Charter Visits: 3 Lessons Learned

Over the past 15+ years, we’ve conducted hundreds of charter school evaluation and renewal visits in over 10 states. We’ve learned a lot through this work. These are just three of our lessons learned:

  1. Every school is different. Every school has its unique ecology that creates school-specific opportunities and weaknesses. Even schools in highly prescriptive networks run by a charter management organization vary in the quality of learning and teaching. In The Learning Collective’s work, we have to be ready and eager to learn the particularities of each school.
  2. Charter school boards are often focused on fiscal accountability and facilities needs. Many charter board members are not well aware of the details of the school’s educational program. Accordingly …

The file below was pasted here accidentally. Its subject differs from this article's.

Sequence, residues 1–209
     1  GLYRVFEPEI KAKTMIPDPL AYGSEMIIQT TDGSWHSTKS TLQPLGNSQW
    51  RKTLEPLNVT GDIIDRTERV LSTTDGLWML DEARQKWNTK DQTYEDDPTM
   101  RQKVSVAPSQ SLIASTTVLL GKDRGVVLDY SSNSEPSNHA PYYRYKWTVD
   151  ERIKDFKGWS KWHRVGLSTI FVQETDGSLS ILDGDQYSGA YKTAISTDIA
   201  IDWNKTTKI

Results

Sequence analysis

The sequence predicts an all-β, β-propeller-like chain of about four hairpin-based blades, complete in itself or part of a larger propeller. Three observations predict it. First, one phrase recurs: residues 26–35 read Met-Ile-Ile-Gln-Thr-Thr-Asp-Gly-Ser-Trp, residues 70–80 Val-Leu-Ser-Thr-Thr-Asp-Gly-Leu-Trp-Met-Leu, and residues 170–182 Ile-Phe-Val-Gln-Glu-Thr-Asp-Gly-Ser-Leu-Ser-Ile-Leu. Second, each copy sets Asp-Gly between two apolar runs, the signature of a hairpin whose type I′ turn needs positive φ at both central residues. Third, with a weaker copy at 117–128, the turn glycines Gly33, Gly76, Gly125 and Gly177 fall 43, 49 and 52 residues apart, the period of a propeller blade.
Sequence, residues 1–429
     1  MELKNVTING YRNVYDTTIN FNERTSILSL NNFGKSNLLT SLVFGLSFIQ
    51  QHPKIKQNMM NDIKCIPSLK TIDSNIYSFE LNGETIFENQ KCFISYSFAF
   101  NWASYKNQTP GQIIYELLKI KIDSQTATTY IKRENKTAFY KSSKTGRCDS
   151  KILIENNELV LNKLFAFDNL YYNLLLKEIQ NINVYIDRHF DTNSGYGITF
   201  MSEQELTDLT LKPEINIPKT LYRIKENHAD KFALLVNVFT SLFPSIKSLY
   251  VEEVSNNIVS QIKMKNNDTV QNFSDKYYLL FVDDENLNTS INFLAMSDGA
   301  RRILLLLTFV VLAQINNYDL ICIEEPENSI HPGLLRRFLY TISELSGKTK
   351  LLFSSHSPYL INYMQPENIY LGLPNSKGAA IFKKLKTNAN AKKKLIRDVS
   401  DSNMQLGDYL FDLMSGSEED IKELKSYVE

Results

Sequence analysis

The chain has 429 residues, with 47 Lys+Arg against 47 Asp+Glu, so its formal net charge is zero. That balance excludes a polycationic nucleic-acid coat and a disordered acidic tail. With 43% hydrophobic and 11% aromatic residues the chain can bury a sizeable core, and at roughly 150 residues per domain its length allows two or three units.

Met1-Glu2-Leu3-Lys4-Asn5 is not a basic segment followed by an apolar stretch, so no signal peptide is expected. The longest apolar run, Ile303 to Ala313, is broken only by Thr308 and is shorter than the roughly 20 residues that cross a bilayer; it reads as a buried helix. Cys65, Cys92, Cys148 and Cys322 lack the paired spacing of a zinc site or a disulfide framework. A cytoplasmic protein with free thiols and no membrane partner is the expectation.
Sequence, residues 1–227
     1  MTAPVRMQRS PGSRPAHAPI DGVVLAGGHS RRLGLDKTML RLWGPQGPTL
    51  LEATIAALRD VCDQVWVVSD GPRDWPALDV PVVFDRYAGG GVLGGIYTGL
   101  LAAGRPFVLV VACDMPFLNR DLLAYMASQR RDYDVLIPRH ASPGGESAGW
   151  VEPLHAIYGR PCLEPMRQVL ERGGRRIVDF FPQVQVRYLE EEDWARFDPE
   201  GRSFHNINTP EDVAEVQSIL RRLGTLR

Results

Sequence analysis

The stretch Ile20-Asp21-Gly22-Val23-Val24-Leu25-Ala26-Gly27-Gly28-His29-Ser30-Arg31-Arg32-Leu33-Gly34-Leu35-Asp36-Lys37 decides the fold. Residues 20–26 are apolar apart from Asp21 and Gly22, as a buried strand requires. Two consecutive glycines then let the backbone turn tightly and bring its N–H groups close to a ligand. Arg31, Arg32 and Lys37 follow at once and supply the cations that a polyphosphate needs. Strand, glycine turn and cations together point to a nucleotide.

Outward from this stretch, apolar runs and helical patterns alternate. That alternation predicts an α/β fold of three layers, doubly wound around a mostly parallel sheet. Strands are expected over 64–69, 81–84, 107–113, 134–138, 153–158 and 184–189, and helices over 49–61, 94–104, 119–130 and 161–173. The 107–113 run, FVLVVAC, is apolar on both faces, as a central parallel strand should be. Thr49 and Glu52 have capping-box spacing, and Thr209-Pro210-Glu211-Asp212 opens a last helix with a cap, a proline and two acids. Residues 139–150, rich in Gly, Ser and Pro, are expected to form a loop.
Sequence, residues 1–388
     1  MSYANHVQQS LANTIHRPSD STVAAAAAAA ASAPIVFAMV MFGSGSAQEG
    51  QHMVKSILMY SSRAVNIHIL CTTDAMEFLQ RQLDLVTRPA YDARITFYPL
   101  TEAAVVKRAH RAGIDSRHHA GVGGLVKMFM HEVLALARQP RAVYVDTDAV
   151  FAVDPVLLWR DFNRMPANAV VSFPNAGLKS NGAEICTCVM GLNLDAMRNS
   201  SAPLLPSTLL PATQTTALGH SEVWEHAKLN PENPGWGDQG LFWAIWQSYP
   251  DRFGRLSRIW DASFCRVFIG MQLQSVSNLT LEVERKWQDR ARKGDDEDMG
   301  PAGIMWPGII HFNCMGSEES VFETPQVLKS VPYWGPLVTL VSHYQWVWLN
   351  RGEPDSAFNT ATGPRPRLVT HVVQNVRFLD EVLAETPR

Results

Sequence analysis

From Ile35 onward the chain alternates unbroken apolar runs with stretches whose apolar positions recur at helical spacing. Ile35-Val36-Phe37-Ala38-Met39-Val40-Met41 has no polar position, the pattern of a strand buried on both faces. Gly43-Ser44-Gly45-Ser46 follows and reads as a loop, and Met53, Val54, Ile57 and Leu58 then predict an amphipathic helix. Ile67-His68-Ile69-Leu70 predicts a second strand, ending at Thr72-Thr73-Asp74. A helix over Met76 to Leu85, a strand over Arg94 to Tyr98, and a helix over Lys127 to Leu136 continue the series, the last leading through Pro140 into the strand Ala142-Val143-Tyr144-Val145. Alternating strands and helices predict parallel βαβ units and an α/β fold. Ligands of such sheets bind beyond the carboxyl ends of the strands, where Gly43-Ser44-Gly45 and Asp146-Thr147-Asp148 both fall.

3. Charter school board members do not universally hold the educational program and its leaders sufficiently accountable for academic excellence throughout the school year. Board members are usually familiar with the school’s annual state test performance. But with those results coming just once a year, and often not being well versed in a school’s curricula and pedagogical approach and implementation, board members often rely on school leaders’ self-reporting of academic progress throughout the school year. This leads to at the very least a significant lag in many boards’ understanding of academic areas in need of improvement – sometimes that lag is too great to overcome!